While I could elaborate more, a final reason I think the casual or serious reader can both enjoy my book is because in addition to giving a short summary of the theme or themes in each letter, I also have a standalone section that gives an extended synopsis of them. That way those trying to remember the information on their own won’t get ahead of themselves, and ones wanting a quick reminder will have it.

In closing, I hope people will take the time to check out the preview of the book found via Amazon or visit ScrewtapeCompanion.com where they can download a free 20 page PDF sample to see how my book is more comprehensive than any previous aid to The Screwtape Letters.


Make sure you check out William’s companion site to C.S. Lewis Goes to Hell. You can also get a direct link to a 20-page PDF sample here.

CSL Goes to Hell (Ft-Bk)

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About Brenton Dickieson

“A Pilgrim in Narnia” is a blog project in reading and talking about the work of C.S. Lewis, J.R.R. Tolkien, and the worlds they touched. As a "Faith, Fantasy, and Fiction" blog, we cover topics like children’s literature, apologetics and philosophy, myths and mythology, fantasy, theology, cultural critique, art and writing. This blog includes my thoughts as I read through Lewis and Tolkien and reflect on my own life and culture. In this sense, I am a Pilgrim in Narnia--or Middle Earth, or Fairyland. I am often peeking inside of wardrobes, looking for magic bricks in urban alleys, or rooting through yard sale boxes for old rings. If something here captures your imagination, leave a comment, “like” a post, share with your friends, or sign up to receive Narnian Pilgrim posts in your email box. Brenton Dickieson is a father, husband, friend, university lecturer, and freelance writer from Prince Edward Island, Canada. You can follow him on Twitter, @BrentonDana.
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11 Responses to Interview with William O’Flaherty, “C.S. Lewis Goes to Hell”

  1. Thanks so much for highlighting this book! It looks like an awesome resource that I will love to dive into! Definitely one for my To Be Read list….

    Liked by 2 people

  2. David Llewellyn Dodds says:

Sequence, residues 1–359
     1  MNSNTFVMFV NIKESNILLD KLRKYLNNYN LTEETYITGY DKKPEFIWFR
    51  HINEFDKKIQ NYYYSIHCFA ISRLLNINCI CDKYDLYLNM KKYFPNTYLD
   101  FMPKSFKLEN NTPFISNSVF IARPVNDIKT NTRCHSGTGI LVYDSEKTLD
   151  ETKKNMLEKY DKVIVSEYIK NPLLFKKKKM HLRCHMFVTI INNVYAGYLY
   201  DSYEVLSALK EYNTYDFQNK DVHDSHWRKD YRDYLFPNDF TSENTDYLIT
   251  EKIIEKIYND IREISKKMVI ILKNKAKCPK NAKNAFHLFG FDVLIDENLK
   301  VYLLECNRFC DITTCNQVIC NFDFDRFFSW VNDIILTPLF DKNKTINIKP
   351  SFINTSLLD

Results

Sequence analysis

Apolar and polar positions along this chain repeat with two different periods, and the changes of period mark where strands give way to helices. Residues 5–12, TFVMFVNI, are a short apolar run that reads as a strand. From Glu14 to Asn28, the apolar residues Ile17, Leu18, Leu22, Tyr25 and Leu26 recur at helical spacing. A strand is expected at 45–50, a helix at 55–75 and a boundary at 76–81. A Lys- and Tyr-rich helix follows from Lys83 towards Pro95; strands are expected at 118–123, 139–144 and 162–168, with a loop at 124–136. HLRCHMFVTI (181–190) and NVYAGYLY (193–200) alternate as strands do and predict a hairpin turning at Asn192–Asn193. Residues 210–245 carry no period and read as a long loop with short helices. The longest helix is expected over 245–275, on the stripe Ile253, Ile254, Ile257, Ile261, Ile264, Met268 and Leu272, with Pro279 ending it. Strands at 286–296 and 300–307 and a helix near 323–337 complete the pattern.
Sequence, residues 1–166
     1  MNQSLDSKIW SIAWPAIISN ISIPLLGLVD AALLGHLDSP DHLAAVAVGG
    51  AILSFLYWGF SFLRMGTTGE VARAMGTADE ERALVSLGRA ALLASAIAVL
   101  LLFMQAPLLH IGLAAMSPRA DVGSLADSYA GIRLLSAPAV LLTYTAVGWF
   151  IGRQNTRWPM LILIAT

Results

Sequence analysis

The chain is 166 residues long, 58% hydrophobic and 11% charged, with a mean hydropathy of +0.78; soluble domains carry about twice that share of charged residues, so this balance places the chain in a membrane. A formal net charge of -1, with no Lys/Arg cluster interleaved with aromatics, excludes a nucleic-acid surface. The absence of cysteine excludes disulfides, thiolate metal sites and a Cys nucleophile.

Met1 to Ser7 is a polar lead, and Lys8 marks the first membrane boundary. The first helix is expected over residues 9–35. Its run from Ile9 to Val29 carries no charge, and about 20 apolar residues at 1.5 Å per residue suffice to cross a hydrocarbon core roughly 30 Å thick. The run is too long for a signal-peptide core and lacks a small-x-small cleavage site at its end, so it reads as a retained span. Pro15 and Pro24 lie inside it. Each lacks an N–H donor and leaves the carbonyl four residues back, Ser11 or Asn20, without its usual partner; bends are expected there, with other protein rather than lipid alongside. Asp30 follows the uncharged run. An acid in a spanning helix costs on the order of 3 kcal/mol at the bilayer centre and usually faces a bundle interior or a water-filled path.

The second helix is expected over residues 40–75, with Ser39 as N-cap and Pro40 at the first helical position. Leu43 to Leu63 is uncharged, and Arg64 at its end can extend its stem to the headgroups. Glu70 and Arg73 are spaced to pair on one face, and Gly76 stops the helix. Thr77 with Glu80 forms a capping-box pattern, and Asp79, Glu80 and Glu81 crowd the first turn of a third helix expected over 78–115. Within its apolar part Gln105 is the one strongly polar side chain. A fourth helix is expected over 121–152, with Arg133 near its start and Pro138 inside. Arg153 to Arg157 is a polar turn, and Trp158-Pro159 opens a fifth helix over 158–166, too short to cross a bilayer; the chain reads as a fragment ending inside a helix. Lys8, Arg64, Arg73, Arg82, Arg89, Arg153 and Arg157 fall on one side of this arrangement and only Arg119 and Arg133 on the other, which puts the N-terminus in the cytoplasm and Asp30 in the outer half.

Thank you both – I wish I could think of a fresher, sharper word than ‘fascinating’: you deserve it!

    Probably something of a tangent (and not yet having checked out the sample), but one of the things that is striking about the letters is their satire of bureaucracy and ‘bureaucratese’ (or whatever it might be called) – it is like, among other things, a forerunner of the brilliance of Jay and Lynn’s Yes, Minister and Yes, Prime Minister (the shows: I haven’t read all of either of the book versions).

    Does it fit into an existing tradition as such (as an epistolary example)? I still haven’t caught up with C.P. Snow, for example, and don’t know what, if any of him Lewis read, when, but I see Brothers and Strangers was published in 1940. The college meeting in That Hideous Strength resumes this – and, I suppose, Ransom attempting to interpret for Weston in Out of the Silent Planet precedes it in Lewis’s own work. (It never occurred to me to wonder before now if Orwell has any direct debt to it, in 1984…)

    Liked by 1 person

    • I was at a yard sale and could have picked up about 10 of CP Snow for $5. I do not have the shelf space, and won’t read them for 5 years or so, so I passed. Oh well.
      I think the THS college environment is a good Screwtapian move.
      David, I did a bit of Orwell-Lewis work last August. I’d love your thoughts.

      Like

      • David Llewellyn Dodds says:

        Ah, shelf space: the bane of our three-dimensional existence! (But you at least live near English-language libraries…)

        Did you mean something additional to your posts of 17, 19, and 24 August 2015, or shall I reread them in one session?

        Liked by 1 person

        • Oh, no, I don’t remember about Orwell. I tried to suggest (I hope), that it was possible that THS influenced Orwell and 1984 was a kind of response, but that Animal Farm and THS were completely independent. I also try to place THS within the tradition of early dystopia, and an important part of it.

          Like

  3. So… the shoe is on the other foot, and William is being interviewed for a change! Thanks, Brent!! I enjoyed this book and recommend it!

    Like

  4. Reblogged this on C.S. Lewis Minute and commented:
    Here’s an interview I did with Brenton Dickieson related to my first book.

    Like

  5. Pingback: When Screwtape Haunts in Eden: Testing the Possibilities of the Screwtape-Ransom Universe | A Pilgrim in Narnia